The City of Light
Buffalo became such a prominent city due to its location on Lake Eerie. Everything transported from East to West on the water went through Buffalo including an estimated 75% of the population at one point in time! Buffalo enjoyed increasing commerce and in 1843 the first grain elevators were built and, in the 1840s and 50s more than a dozen existed in Buffalo. Fascinatingly Buffalo was the first place in the US to get electricity, Hydroelectricity, from the Falls, and celebrated this with the Pan-American Exposition in 1901. The Electric Tower is one of my favourite structures in the city and is a replication of the temporary structure that was built for the 1901 Exposition.
The magnificent Art Deco skyscraper of City Hall in Buffalo, NY is the 3rd tallest building in the city and is larger (in area rather than height) than the Los Angeles City Hall. The centre of Joseph Ellicott’s city layout today has civic buildings on all sides.
When City Hall was built, as the 2 brick buildings either side were so massive City Hall had to be built to be bigger, of course! The other buildings around the Square offer a variety of other interesting architectural styles
The glistening octagonal tower of City Hall peeps out from many vantage points across the city. On my first night, as storm clouds were buzzing by, the evening light caught one side and against the dark clouds it really did look dramatic.
The best, most designed view must be this one, looking from Lafayette Square down Court Street. We can look at the other buildings another time, for now lets look closer at City Hall.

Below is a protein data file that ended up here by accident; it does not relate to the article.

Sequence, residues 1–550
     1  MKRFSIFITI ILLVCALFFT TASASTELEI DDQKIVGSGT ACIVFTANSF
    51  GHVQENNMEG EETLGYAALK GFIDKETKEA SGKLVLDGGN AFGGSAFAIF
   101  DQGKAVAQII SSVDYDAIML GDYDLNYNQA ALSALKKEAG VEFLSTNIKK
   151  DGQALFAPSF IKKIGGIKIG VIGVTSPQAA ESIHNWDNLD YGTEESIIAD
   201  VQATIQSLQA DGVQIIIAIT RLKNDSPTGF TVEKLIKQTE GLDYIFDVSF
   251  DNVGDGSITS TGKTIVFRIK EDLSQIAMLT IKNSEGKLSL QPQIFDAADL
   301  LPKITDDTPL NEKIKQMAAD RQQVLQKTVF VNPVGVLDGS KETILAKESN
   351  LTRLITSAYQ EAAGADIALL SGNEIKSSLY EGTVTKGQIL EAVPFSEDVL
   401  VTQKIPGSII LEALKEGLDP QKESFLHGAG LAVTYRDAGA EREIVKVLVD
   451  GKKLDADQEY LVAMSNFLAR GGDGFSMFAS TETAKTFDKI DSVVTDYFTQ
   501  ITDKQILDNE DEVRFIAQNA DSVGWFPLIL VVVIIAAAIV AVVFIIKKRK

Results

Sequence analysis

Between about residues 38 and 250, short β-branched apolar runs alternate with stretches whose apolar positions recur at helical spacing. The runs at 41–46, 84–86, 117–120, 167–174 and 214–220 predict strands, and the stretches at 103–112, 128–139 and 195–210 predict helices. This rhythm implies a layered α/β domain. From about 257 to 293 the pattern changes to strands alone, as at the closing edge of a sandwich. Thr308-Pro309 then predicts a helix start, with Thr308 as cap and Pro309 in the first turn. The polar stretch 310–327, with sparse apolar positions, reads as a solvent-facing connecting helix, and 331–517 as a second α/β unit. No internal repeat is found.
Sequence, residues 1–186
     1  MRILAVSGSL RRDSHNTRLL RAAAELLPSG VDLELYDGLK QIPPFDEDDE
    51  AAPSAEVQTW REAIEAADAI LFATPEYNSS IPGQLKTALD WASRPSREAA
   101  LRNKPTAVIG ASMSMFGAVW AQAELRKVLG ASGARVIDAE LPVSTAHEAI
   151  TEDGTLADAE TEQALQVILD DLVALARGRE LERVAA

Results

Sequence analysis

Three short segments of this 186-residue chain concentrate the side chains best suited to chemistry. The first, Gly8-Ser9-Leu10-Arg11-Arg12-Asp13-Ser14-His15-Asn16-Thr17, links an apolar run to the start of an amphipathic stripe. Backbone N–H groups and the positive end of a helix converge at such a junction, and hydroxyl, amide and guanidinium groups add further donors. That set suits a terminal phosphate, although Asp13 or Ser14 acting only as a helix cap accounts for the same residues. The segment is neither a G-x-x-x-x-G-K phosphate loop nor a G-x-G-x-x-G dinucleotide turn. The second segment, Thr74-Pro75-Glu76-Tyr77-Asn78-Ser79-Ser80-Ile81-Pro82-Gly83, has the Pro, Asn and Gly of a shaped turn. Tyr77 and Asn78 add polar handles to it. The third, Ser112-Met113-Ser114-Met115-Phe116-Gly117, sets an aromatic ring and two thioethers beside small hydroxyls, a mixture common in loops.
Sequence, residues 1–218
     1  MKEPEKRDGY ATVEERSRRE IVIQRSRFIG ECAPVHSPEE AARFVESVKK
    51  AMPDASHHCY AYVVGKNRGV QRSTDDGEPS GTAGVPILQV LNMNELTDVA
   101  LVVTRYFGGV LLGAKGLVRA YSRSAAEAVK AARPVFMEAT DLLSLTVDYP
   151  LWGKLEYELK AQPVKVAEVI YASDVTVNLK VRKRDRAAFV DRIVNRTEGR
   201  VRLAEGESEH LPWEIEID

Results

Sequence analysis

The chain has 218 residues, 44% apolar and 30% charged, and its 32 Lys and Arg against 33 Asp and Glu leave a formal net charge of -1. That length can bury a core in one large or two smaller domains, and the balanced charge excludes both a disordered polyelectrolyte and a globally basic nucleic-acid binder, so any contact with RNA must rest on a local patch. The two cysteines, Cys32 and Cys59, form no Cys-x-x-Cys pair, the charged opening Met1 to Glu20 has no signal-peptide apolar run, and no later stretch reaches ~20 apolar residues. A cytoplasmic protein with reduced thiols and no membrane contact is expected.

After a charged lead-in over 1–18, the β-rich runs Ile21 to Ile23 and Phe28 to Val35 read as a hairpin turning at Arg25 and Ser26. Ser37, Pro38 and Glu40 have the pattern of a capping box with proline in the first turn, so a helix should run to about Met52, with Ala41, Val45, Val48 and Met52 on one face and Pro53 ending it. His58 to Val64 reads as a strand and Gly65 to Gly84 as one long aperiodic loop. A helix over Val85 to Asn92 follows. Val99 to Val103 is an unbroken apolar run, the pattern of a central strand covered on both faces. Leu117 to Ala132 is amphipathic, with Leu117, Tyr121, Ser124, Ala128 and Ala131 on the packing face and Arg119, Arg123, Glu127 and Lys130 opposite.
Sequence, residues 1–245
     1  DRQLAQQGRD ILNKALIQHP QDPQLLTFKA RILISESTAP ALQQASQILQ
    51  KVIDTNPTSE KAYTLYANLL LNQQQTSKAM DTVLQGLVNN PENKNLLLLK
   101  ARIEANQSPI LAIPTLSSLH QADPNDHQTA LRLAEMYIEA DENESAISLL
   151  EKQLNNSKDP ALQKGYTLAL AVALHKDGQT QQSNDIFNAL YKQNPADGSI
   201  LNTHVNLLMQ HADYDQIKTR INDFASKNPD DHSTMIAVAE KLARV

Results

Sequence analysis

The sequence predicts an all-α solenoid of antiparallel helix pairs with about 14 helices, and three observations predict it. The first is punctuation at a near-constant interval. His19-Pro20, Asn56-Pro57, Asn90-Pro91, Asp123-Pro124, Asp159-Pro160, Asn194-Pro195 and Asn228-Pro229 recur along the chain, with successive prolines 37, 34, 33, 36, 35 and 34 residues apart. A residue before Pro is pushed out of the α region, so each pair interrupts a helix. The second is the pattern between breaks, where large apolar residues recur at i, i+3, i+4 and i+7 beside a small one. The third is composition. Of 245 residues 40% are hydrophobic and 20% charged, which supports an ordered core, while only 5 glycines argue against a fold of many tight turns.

There are too may carvings on the exterior to detail them all, but extensive frieze over the entrance depicts images of the people of Buffalo:
The seals of Buffalo and either side of the entrance and here is an image of the decoration inside the porch as you enter.
As you enter the building the mosaic floor, tiled ceiling, huge paintings and gilt detailing and the extravagant variety of types of stone make quite an impression:
This painting depicts America and Canada, as this relationship was very important as a trading port. Until recently Buffalo was the biggest trading entrance to the USA. The painting opposite describes Buffalo City.
There are figures carved in relief in the columns that would have held lamps at the bases; their faces appearing through the smoke.
Up we went to the Treasury, which has a drawing by Ellicott of the city he designed with all of the streets radiating out from City Hall. This gave some awkward triangular plots, which gives us Upjohn’s unique assymetrical church design that we can look at another time.
The Council Chamber is stunning. The stained glass sun design grabs your attention as it filter the north light its 7 rays are mirrored by the semi-circular rows of benches. The Guastavino tiles on the rear wall of the council chamber, along with that in the lobby absorb the sound and prevent the otherwise boomy acoustic.
Up to the viewing platform there is free access to views accross the city, of the 5 grain elevators now disued and generating debate as to what should be done with them, and to the water front with the Peace Bridge connecting Buffalo to Canada in the distance.